September 22, 2003
Kerr Symposium kicks off weekend celebration
Event will bring together some of the countrys
biggest names in higher education
By Jennifer McNulty
Theres something for everyone the weekend of October 10-12, when
UCSC celebrates the student experience with a scholarly conference,
a fundraising dinner, and the dedication of College Nine and College
The first annual Clark Kerr Symposium on Friday, October 10, will
bring together some of the countrys biggest names in higher education
to discuss the role of public research universities in the 21st century.
The symposium begins at 8:30 a.m. in the Multipurpose Room of the College
9/10 Dining Hall. Preregistration is
encouraged online. A continental breakfast
for registered guests will begin
at 8 a.m.
Chancellor M.R.C. Greenwood will welcome the guests, including Richard
Atkinson, who steps down as UC president October 1.
Atkinson will deliver the keynote speech. Also returning to UCSC will
be Chancellor Emeritus Karl Pister.
Panel discussions during the daylong symposium will address topics
such as the benefits of student diversity, creating innovative curricula,
and how best to develop the leaders of tomorrow.
Phillip Long (Cowell 76), senior strategist for academic computing
at Massachusetts Institute of Technology (MIT), is looking forward to
participating in the curricula discussion. MIT is at the forefront of
efforts to use technology to support new teaching strategies, including
an innovative approach to introductory physics called Studio Physics,
Instead of a 600-student lecture course, introductory physics at MIT
is now taught in 100-student active learning sessions. Students
sit in groups of nine at tables outfitted with a video projector and
screen, a whiteboard with a camera, and three laptops. Instructors deliver
20-minute mini lectures that introduce a concept or problem, then monitor
student teams as they perform calculations, do traditional experiments,
and run simulations.
Technology facilitates student work and faculty feedback, explained
Long, adding that he believes higher education is in for some radical
changes driven by technology.
Higher education institutions, next to the church, are the most
conservative institutions in the world, said Long. Theyve
resisted pressure to radically change how they do and present education,
which has been beneficial. They remain largely unchanged since the late
But the growth of interdisciplinary and global collaboration has changed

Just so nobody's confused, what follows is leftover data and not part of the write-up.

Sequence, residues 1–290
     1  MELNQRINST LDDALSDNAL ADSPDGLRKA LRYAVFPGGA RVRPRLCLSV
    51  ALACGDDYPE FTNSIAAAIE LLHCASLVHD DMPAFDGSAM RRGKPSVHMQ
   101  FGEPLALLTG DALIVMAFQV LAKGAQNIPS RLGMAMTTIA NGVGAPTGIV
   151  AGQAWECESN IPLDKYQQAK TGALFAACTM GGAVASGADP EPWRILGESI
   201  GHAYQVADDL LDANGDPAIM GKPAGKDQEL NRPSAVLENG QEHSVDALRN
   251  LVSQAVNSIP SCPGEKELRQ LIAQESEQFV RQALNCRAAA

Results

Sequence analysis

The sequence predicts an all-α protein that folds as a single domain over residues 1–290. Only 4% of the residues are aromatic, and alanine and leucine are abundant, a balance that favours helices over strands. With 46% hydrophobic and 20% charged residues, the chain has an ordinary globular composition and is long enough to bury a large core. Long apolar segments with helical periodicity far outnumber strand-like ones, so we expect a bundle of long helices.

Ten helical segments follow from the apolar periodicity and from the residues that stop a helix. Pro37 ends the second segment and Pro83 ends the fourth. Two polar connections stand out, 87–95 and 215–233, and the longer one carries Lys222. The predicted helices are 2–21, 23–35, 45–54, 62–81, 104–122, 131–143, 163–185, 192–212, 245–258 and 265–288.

the way work and science are done--its not a lone researcher
in his lab publishing papers anymore--and colleges and universities
must modify the way they deliver education to prepare students to participate
in todays world.
Its not about students sitting in seats for 50-minute lectures
three times a week, said Long, who conceded that MITs new
approach to physics education has met with mixed reviews.
Its controversial, he said. Some of the students
have trouble with it, because theyre used to working more independently,
and they dont like having their grade depend in part on how well
their team does. Some faculty, too, dislike the redesigned course,
which is in its final year of a three-year pilot phase.
As chair of the Advisory Council on Teaching and Learning for the National
Learning Insfrastructure Initiative and author of a column called Technology
Trends for Syllabus magazine, Long brings well-rounded
expertise to what organizers hope will be a thought-provoking discussion.
Other participants throughout the day include Donald Kennedy, president
emeritus of Stanford University; I. Michael Heyman, chancellor emeritus
of UC Berkeley; Charles Young, chancellor emeritus of UCLA; Judith Ramaley,
assistant director of the Education and Human Resources Directorate
of the National Science Foundation; and James Duderstadt, president
emeritus of the University of Michigan. Leon Panetta, former White House
chief of staff under President Clinton, will also participate in the
On Saturday, October 11, the campus will celebrate its theme-oriented
residential colleges with the dedication of College Nine and College
Since its inception, UCSC has sought to create diverse living
and learning communities that cross disciplinary boundaries to prepare
students to tackle some of the worlds critical issues, said
Campbell Leaper, provost of the two colleges and a professor of psychology
at UCSC. Our new colleges continue this tradition of innovation.
The public ceremony begins at 10:30 a.m. at Colleges Nine and Ten.
That evening, the campus will host a first-ever gala dinner to raise
money for undergraduate and graduate students, and Atkinson will be
presented with the first UCSC Foundation Medal in recognition of his
On Sunday, October 12, current and alumni recipients of the Karl S.
Pister Leadership Opportunity Awards Program Scholarships will gather
for a reunion brunch. Established in 1993, the program helps students
from 13 regional community colleges transfer to UCSC.
That evening, the annual Sidhartha Maitra Memorial Lecture hosts travel
writer and author Pico Iyer, who will discuss Islam and California:
A Cultural Romance, at 4 p.m. in the UCSC Recital Hall.
Other events taking place over the weekend include the annual Harvest
Festival at the UCSC Farm on Saturday, from 11 a.m. to 5 p.m., the quarterly
meeting of the UCSC Foundation, and a meeting of the UCSC Alumni Council.
We look forward to welcoming alumni back to campus and making
new connections with other members of the UCSC community, said
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